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Council Holds Off On Marina Purchase, Seeks More Information

OSWEGO, NY – In the wake of lingering questions and concerns by the public and some aldermen, the Common Council voted 4-3 Monday night to table a resolution regarding the purchase of the International Marina from the Port Authority.

Council President Dan Donovan and councilors Mike Myers, Shawn Walker and Bill Sharkey voted in favor of tabling the resolution.

An amendment to the resolution to purchase the International Marina for $2.1 million was made by Councilor Connie Cosemento and seconded by Councilor Ron Kaplewicz.

According to the resolution:

  • The port releases the city from its obligation to pay half the sale price of the former Flexo Wire property
  • The city releases the port from any monetary claim with respect to the East First Street project
  • The port releases the city from any claims it might have against the city for additional cost of a new wall for the east side marina.

According to the amendment, the purchase would be contingent on the city’s ability to find appropriate financing at a rate that is acceptable to the city.

“The council wants some more information. So, we’ll see what more information they wants and go from there,” Mayor Randy Bateman said following the meeting.

“People are just bombarding me with questions,” Donovan added. “They are asking about the cost and other issues. The council wants to get more information; we want to get answers to all the questions before we continue forward with this.”

“Don’t get me wrong. I am for the project. I think we need it. It’s ours, we should have it,” he continued. “We just have to wait and see for another week or so until we get more information.”

It’s assessed for $960,000; but that is an old assessment, Donovan noted.

Some of the speakers during the public session were in favor of the purchase. Others were opposed.

Dave White asked the councilors, “What’s the rush? I don’t understand why this has to be done right now.”

“If (the Port) wants to put this out and see if anyone wants to buy it, then let them put it out and see what it goes for,” White continued. “I don’t believe it’s going to go for $2.1.”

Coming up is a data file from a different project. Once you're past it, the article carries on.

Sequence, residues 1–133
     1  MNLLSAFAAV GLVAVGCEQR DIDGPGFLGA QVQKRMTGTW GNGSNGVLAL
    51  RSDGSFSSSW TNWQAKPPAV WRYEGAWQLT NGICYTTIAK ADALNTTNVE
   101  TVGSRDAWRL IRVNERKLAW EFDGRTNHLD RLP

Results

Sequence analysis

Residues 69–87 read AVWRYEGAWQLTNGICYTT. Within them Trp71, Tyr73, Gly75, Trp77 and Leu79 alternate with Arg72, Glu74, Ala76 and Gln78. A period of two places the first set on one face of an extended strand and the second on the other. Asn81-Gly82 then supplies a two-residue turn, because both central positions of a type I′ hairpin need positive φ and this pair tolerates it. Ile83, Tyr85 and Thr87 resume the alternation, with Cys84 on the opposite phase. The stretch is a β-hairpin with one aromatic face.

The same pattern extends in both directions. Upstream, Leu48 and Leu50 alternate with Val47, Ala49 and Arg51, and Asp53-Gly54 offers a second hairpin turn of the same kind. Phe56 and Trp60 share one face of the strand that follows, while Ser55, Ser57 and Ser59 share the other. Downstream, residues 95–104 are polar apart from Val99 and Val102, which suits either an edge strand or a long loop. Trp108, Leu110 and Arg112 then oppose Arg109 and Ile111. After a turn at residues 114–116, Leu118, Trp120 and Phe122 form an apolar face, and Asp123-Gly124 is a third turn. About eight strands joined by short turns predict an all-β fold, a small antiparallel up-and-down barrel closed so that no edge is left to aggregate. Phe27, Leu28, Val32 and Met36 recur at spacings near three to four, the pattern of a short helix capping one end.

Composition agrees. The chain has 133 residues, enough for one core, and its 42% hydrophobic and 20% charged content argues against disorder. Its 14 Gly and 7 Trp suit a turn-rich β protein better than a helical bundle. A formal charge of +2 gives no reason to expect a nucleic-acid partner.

He urged the council table it and get more information before acting on the resolution.

“Table this thing and get more information out to people and see how people actually feel about this thing,” he said. “Get a bigger input from the community. All it did was go through a committee and then its here (on the council floor). I don’t think this is a real good deal right now.”

The city has, over the years, given away its riverfront and lakefront to entrepreneurs, Gail Goebricher pointed out.

“The city can not afford not to buy this property,” she said. “Things aren’t that great right now. But, they are going to turn around.”

The Port City doesn’t even have a beach, she said, adding, “That’s pretty insulting when you think about it.”

Mike Goldych agreed.

The event that each summer draws thousands to the city’s waterfront was named Harborfest because it celebrates Oswego’s greatest natural resource, he pointed out.

“Without the harbor, we wouldn’t be here,” he added.

The harbor is the reason Oswego was founded and flourished, he said. It’s also the reason for the canal being built and other things, he continued.

“I encourage you to move forward with this,” he said. “It’s the right thing to do.”

The marina would generate revenue for the city, Cosemento said.

Last year, due to the bad economy, it was expected that revenues from the city’s Wright’s Landing Marina would take a nosedive, she said.

“What we expected to happen, didn’t happen. We made more money than expected,” she pointed out.

Over the last six or seven months, there has been a lot of discussion about the possibility of buying the marina, Kaplewicz said.

“If we miss this opportunity, we haven’t done of jobs,” he added.

Myers was still concerned about how long it would take for the city to break even on the deal.

“How long will it take to make this money back?” he asked, adding that he’s received numerous phone calls from constituents wondering the same thing.

He said he wants to get the figure “and be able to call people back (with the information) before I sit here and vote on it.”